Soldiers with SitaWare Edge in woods

SitaWare Tactical Communication

Connecting the nodes across the battlespace to ensure secure tactical communications

  • Communications support
  • Supporting a variety of radios
  • Supporting sensor fusion
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Operating within an interconnected battlespace requires a communications backbone that is solid and reliable; and can withstand a variety of challenges that can include challenged network conditions, hostile electronic warfare operations, and more.

SitaWare Tactical Communication (STC) works across the SitaWare suite to ensure that users can operate securely. This means that users can work at pace and receive the latest mission critical data, staying ahead of their adversaries in the information space. However, the capabilities of STC go beyond enabling communications, supporting the role of SitaWare Edge and SitaWare Frontline as a sensor integration platform.

SitaWare Tactical Communication connecting units in the defence landscape

Communications support

As the number of radios has increased on the battlefield, their capabilities have as well. The ability of backpack or handheld radios to transmit data has revolutionised the dismounted soldier’s role on the battlefield, as they can more easily gain situational awareness and become an intelligence source.

However, procurement priorities and user requirements have led to some military forces operating a variety of disparate and legacy radio systems, making force integration a more complex challenge.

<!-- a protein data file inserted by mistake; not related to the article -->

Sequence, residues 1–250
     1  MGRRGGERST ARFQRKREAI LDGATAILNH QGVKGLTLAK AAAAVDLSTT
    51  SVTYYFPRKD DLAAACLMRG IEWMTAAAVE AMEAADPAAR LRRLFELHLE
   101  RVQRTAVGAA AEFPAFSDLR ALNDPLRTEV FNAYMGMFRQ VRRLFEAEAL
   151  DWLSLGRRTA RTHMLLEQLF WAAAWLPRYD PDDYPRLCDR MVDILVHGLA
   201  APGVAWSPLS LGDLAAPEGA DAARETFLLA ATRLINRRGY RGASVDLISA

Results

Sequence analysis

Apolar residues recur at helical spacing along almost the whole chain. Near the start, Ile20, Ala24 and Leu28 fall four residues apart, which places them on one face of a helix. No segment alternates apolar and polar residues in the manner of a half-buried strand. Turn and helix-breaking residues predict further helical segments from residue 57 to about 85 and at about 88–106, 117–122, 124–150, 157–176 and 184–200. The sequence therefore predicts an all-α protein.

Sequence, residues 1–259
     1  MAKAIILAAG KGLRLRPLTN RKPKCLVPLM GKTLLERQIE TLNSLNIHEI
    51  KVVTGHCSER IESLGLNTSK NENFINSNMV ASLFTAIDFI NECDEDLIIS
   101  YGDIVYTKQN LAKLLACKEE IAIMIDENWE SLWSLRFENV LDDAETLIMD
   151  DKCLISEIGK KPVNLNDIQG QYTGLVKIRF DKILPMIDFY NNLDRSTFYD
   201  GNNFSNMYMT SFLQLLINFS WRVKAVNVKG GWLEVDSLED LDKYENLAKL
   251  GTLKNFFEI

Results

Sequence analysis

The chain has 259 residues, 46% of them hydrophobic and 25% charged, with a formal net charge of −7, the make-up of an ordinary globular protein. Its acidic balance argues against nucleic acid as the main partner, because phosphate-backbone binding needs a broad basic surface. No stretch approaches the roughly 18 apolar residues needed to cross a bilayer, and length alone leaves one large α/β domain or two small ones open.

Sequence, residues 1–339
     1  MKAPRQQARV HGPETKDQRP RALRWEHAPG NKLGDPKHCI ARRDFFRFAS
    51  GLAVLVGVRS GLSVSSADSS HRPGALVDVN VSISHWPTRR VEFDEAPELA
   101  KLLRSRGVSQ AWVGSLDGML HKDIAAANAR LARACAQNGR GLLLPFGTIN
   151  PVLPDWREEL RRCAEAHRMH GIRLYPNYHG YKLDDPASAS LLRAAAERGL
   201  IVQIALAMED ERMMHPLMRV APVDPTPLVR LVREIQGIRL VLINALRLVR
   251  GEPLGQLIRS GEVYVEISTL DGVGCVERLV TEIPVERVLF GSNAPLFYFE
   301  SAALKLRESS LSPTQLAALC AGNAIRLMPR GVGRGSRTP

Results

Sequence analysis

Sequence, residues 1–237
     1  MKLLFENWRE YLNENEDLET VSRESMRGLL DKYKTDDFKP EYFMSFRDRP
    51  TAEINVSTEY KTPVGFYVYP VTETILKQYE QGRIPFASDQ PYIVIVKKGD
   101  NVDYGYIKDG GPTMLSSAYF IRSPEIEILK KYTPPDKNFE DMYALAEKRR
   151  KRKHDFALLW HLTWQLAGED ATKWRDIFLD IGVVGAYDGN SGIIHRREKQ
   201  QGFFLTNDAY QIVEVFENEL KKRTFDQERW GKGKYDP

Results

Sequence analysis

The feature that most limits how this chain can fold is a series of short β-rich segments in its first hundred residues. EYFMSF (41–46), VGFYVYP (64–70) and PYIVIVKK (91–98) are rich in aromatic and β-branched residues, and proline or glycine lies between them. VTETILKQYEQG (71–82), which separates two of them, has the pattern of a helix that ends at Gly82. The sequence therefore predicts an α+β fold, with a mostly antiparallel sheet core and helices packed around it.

For STC, this issue is less of a challenge and more of an opportunity.

As a network and radio agnostic system, STC is able to interface and bridge between a wide range of communications platforms and systems. STC even works efficiently on very low bandwidths, allowing it to operate across the HF, VHF, and UHF spectrums, as well as satellite communication (SATCOM), IP-based radio, and wide-band LAN connections.

Dismounted soldier using SitaWare Edge and receiving radio signal

STC dynamically adapts to the network that it is on, choosing the best suited transmission parameters for data communication, accounting for factors such as effective bandwidth, latency, package loss, intermittent connectivity and topology that may degrade performance.

While it can be left to the system to decide the best data synchronisation strategy and paths, it is also possible to set and prioritise flows through specific data pipes to meet a user’s internal processes and signals priorities.

Conscious that differing available bandwidth can be a challenge for users and systems, STC can throttle data transmissions, transferring to lower bandwidth networks as needed to ensure that higher priority communications can be made. If a radio is disconnected, STC automatically re-synchronises a device with the network when it is re-connected, prioritising the download of the latest data first and skipping outdated information to ensure that commanders receive the most relevant information.

Electronics technician test HF communications

Blog post: Renewed interest in HF communications may help overcome disrupted C2

Supporting a variety of radios